500,000 to 1 million pounds of chickens to be imported
Santo Domingo, DR.
Given the sudden increase in the demand for chickens due to the decrease in the consumption of pigs because of the presence of African Swine Fever (ASF) in the country, the Dominican Republic will import between 500,000 and one million pounds of chickens from the United States every week.
The information was offered to this media by the Dominican Poultry Association (ADA) leader, Gregory Marte, who said that this represents a sacrifice for the producers because they have to buy it more expensively abroad and sell it at the same price in the local market.
“The productive sector will be subsidizing around 10 to 15 cents per pound of chicken brought in to stabilize the situation”, explained the executive of the organization that groups more than 90% of the country’s poultry production.
Marte indicated that in the United States, the pound of chicken exceeds the dollar by 15 cents and that when to this is added the transportation, among other costs, the pound goes for about RD$65 and the producers have to sell it at a lower price in the local stores.
“The interest in importing is to stabilize supply and have a stop inventory but that is not business for us. We are losing money with this activity, we are subsidizing this import,” he said.
Marte explained that approximately ten containers per week would be arriving from the U.S. market until reaching the 50 containers authorized by the authorities.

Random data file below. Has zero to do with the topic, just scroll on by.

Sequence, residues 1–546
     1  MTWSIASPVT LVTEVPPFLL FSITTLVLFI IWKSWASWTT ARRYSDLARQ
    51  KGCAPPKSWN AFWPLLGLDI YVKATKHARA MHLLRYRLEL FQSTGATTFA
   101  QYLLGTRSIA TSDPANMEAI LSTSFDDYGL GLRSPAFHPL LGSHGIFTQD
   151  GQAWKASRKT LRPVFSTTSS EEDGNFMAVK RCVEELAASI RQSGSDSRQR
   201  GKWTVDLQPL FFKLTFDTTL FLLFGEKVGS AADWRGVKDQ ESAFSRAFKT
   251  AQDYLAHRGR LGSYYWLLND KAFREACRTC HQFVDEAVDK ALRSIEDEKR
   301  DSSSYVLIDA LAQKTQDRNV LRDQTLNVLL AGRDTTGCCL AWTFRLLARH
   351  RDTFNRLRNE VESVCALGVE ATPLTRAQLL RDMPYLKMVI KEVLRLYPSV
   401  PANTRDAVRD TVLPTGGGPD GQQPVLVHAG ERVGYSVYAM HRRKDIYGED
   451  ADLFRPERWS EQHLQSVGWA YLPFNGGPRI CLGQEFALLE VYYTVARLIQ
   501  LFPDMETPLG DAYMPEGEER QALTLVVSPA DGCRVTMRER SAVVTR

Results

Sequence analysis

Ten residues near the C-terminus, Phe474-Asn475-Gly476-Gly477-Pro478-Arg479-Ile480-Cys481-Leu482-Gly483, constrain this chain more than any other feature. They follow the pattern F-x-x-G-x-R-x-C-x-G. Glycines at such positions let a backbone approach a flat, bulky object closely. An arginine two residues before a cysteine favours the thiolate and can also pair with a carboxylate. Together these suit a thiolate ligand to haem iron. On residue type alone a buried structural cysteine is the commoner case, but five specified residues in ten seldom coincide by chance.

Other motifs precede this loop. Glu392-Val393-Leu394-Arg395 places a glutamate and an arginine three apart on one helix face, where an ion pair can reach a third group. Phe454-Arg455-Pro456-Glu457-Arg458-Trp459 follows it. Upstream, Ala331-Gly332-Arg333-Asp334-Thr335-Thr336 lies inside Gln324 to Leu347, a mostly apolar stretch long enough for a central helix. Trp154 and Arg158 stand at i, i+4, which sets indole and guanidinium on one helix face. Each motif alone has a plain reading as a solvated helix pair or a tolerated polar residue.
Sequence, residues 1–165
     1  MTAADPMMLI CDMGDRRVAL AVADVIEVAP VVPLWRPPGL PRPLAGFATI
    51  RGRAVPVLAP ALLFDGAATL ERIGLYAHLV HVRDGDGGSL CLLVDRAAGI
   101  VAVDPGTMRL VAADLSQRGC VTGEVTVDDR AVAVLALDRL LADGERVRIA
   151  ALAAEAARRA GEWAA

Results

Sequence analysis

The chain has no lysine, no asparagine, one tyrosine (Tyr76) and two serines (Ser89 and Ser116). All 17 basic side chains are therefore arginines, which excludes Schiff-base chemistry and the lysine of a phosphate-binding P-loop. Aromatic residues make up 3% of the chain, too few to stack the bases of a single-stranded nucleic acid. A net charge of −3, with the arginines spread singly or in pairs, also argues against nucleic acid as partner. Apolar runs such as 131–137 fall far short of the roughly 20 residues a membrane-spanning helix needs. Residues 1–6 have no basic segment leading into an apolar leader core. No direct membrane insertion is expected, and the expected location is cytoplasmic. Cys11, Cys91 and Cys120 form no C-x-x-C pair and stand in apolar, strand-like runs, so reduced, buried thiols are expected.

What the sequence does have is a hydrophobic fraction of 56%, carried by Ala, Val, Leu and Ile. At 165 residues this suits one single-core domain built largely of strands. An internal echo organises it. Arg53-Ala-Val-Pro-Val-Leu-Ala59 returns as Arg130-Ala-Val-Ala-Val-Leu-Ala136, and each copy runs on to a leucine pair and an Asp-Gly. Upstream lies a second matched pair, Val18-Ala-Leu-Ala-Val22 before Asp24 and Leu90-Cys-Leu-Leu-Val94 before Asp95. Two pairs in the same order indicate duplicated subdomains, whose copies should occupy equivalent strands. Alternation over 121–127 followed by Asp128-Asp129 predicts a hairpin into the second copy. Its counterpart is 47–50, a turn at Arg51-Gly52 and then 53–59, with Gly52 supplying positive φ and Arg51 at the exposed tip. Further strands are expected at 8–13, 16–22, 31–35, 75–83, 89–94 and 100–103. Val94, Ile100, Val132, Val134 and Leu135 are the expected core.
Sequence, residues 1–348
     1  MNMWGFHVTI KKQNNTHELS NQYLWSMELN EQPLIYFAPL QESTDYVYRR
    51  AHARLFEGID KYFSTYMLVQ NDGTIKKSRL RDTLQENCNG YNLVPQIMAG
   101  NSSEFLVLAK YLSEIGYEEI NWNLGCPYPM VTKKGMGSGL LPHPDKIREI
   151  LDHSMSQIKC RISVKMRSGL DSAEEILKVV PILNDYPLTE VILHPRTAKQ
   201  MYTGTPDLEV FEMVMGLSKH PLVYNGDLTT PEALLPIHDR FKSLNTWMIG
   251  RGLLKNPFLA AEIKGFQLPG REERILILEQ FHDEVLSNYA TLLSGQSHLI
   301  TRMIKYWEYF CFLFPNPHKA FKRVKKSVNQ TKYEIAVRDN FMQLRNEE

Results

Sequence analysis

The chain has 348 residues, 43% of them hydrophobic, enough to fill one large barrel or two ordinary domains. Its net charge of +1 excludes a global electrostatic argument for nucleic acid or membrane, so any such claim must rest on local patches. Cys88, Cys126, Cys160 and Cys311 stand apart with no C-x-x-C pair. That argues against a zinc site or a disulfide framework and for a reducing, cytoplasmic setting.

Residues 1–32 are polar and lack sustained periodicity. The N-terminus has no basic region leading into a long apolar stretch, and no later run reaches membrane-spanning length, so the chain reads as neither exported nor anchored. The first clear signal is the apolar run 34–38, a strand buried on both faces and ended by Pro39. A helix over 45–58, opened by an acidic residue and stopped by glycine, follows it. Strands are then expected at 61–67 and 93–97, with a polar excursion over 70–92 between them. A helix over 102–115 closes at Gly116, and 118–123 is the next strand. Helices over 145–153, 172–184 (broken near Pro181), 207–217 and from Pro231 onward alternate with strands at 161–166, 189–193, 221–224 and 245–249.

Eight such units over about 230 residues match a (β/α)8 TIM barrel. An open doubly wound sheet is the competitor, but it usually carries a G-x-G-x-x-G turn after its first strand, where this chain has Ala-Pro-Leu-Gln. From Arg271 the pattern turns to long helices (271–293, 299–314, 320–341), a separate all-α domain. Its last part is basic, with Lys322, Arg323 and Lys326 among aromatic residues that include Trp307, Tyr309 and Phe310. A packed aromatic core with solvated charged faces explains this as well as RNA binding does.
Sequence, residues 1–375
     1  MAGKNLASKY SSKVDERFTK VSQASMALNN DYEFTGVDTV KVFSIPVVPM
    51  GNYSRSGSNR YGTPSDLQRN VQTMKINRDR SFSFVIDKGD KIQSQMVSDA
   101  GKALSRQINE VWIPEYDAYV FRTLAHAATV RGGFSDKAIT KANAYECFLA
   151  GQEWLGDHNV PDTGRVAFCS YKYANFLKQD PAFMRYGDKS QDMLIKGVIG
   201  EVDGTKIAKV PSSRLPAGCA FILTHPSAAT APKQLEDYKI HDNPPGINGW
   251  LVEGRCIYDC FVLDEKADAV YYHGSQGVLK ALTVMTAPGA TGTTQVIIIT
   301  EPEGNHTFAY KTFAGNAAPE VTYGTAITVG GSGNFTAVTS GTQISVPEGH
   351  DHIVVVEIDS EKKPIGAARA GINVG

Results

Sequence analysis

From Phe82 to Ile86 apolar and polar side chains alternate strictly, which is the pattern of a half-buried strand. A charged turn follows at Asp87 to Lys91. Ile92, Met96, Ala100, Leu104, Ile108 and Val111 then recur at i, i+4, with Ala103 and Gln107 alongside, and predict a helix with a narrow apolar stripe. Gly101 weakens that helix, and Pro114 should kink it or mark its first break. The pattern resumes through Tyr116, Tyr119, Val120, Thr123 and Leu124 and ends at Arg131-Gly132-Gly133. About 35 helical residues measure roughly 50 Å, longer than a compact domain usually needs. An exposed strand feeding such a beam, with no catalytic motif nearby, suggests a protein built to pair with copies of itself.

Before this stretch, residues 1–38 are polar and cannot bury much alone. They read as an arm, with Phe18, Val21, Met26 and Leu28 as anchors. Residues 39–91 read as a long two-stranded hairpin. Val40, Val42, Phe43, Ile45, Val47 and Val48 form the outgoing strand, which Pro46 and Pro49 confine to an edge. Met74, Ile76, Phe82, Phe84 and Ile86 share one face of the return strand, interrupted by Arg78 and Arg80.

He specified that although imports are expected to be maintained until the supply stabilizes, it is not known how long the local industry will sustain the subsidies because the prices in the international market are higher.
Almost no exports to Haiti
When asked why exports to Haiti, one of the leading foreign markets for chicken, were not stopped, at least temporarily, Marte said that practically no exports are being made due to the political instability in the neighboring country.
“The product going to Haiti is not significant…As the price is here, there is no business in sending chicken to Haiti. What is being exported is not relevant…Currently, practically no chicken is being exported because as the domestic price is, nobody is going to send a chicken from here to Haiti,” he said.
Marte explained that in normal conditions in the binational markets, according to estimates because there are no concrete data, between 60,000 and 70,000 chickens are traded every week, which is 250,000 to 280,000 chickens per month. But he clarified that currently, much less is exported.
The ADA executive added that exports to Haiti represent about 2% of the national supply and indicated that about 90% of what is sent are the parts known as beak and shovel. Therefore, exports to Haiti do not affect domestic demand.
The production of chickens in the country is around 18 million units per month. Still, because the demand has shot up around 15% in the last few days, poultry farmers are producing more than 19 million, according to a communiqué sent yesterday by the Ministry of Agriculture.
Chicken on-farm from RD$40 to RD$42
The president of the Association of Chicken Producers of the North (Asopollón), José López, said that the shortage and the over-demand in the consumption of that product are because many people have mistakenly stopped eating pigs because of the cases of African swine fever that have appeared in some provinces and because of the increase in mortality of those birds, which is common in summer.
Regarding the increase, López said that the poultry farmers sell the pound in farms at RD$40 and RD$42 but reported that the choppers and other establishments sell it up to RD$80.